Retail stores to reopen in April, ‘economy will bounce back’ says PM

PM: “Our towns and cities will be full of buzz and life and excitement again”

Retail stores will be allowed to reopen no earlier than 12 April.

This was announced yesterday (Monday) as part of the Prime Minister’s “road map” plan to end COVID-19 restrictions.

A new four-step plan to ease England’s lockdown could see all legal limits on social contact lifted by 21 June.

Part of this includes the reopening of all shops on 12 April. Other targets include allowing two households to mix indoors from mid-May.

However, each stage of this road map will be a minimum of five weeks apart and it requires four conditions to be met at each stage. 1 – the Coronavirus vaccine programme continues to go to plan; 2 – this is sufficiently reducing the number of COVID-related deaths; 3 – infection rates are under control and coming down; 4 – lifting restrictions does not cause a risk of new virus variants.

Plans to ease restrictions in other parts of the UK will be outlined in the coming days.

Boris Johnson described his plan as a “one-way road to freedom” aimed to be “cautious but irreversible”. “At every stage, decisions will be led by data, not dates,” he said yesterday.

Speaking at a Downing Street news conference, Mr Johnson said: “We cannot persist indefinitely with restrictions that have separated families and loved and threatened the livelihoods of millions.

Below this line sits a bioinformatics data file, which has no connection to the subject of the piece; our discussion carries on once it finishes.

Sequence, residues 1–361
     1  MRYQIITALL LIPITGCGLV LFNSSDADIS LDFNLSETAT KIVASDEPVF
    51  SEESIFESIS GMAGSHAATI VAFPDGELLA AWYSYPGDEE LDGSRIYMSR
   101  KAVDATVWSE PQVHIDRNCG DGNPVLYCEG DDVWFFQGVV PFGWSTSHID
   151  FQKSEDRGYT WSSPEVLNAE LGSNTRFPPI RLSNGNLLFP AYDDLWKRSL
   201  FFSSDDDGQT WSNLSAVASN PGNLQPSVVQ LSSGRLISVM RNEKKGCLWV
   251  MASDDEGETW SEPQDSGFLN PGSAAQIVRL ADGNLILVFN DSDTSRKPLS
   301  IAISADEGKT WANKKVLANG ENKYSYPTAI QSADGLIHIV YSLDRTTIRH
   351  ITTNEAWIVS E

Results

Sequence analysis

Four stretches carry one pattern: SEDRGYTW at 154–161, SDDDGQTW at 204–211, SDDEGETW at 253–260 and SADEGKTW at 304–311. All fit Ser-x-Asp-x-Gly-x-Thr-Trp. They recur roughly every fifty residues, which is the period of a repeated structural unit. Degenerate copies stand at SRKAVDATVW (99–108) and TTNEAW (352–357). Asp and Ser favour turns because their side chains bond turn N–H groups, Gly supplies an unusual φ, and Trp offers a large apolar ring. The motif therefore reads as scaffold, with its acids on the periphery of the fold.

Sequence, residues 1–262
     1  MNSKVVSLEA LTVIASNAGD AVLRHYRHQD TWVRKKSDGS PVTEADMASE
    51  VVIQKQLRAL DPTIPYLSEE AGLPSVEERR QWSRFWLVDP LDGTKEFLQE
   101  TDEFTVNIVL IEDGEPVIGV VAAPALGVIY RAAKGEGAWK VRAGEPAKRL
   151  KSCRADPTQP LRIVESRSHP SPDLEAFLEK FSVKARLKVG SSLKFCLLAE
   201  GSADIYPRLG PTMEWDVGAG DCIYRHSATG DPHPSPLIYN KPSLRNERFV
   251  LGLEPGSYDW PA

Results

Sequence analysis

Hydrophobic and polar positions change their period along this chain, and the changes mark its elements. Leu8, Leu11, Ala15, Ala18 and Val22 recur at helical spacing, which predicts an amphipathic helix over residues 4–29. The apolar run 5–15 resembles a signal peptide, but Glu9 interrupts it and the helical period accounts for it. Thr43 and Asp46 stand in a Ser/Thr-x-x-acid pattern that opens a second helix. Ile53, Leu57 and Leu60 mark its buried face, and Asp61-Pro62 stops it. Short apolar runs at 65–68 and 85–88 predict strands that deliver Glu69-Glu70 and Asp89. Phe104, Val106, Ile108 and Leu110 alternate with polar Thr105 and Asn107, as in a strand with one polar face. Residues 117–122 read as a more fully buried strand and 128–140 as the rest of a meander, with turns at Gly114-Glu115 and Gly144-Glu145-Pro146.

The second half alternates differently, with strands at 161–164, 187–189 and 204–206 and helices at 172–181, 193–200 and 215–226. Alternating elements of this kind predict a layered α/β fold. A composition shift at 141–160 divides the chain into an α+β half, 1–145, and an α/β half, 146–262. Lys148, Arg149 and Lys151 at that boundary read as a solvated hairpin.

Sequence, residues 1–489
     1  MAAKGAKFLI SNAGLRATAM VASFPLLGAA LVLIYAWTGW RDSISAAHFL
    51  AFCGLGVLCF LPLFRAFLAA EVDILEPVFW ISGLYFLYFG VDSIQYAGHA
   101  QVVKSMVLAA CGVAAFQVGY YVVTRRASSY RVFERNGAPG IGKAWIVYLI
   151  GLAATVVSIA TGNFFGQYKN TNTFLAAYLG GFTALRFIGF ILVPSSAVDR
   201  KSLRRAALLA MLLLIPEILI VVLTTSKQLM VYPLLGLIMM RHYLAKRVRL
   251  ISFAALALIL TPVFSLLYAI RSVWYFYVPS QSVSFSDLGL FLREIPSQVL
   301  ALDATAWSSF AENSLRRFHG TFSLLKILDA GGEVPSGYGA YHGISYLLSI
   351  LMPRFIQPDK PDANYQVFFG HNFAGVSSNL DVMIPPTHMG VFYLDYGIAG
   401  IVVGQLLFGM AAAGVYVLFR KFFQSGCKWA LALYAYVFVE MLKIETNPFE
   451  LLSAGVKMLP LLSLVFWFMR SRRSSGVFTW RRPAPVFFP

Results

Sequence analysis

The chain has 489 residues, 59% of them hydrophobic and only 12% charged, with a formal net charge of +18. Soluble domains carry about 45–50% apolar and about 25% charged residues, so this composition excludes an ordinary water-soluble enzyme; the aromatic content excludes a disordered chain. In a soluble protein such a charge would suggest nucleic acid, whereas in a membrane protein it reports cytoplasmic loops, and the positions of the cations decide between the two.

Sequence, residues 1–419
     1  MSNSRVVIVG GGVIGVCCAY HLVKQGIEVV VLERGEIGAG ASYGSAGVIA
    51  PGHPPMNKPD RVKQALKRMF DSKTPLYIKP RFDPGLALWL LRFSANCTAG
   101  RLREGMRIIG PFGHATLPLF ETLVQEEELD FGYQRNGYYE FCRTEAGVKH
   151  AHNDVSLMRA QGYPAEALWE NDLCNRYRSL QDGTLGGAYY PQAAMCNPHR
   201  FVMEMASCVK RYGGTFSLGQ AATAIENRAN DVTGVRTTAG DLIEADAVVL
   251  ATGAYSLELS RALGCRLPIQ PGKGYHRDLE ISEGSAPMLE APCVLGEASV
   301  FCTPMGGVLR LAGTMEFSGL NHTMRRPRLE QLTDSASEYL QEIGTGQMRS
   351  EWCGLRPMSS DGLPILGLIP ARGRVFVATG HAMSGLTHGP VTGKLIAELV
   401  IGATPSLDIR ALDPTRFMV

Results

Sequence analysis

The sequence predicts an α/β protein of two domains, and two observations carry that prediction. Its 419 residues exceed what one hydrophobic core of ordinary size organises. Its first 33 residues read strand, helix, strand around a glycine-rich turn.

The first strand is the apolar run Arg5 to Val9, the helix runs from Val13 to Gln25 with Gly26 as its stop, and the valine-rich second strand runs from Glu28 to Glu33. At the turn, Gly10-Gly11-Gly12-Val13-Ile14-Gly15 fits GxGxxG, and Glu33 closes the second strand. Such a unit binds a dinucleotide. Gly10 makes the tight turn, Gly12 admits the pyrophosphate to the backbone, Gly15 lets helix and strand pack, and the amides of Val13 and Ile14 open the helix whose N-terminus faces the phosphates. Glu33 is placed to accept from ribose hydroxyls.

“The coming Spring and Summer would be seasons of hope, looking and feeling incomparably better for us all.”

When questioned at the conference about the long-term effects of lockdown on the UK’s town and city centres and what it means for businesses that thrive on high street footfall, Mr Johnson said there will be changes as a result of the pandemic – “it may even accelerate some trends in city centres, which have been changing for a long time anyway”.

But he added: “I’m a sceptic, when people say this will lead to a massive change in urban life, I’m doubtful. I don’t believe this is going to mean a fundamental change to the way our big cities really work. I think [they] will be full of buzz and life and excitement again, provided people have confidence about coming back.

“It’s all going to be about confidence – that will come from the continuing success of the vaccination programme and people’s sense that the disease is finally being controlled.”

Mr Johnson continued: “Our great cities will bounce back along with the rest of the economy once we’ve got this roadmap delivered.”

Reacting to the PM’s route out of lockdown plan, Helen Dickinson, Chief Executive of the British Retail Consortium, commented: “While we are encouraged by a plan for non-essential stores to reopen, the heavy impact of the pandemic means some may never be able to.

“The cost of lost sales to non-food stores during lockdown is now over £22bn and counting. Every day that a shop remains closed increases the chances that it will never open again – costing jobs and damaging local communities.

“Non-essential shops are ready to reopen and have been investing hundreds of millions on making themselves COVID-secure. Government should remain flexible and allow them to reopen as soon as the data suggests it is safe to do so.”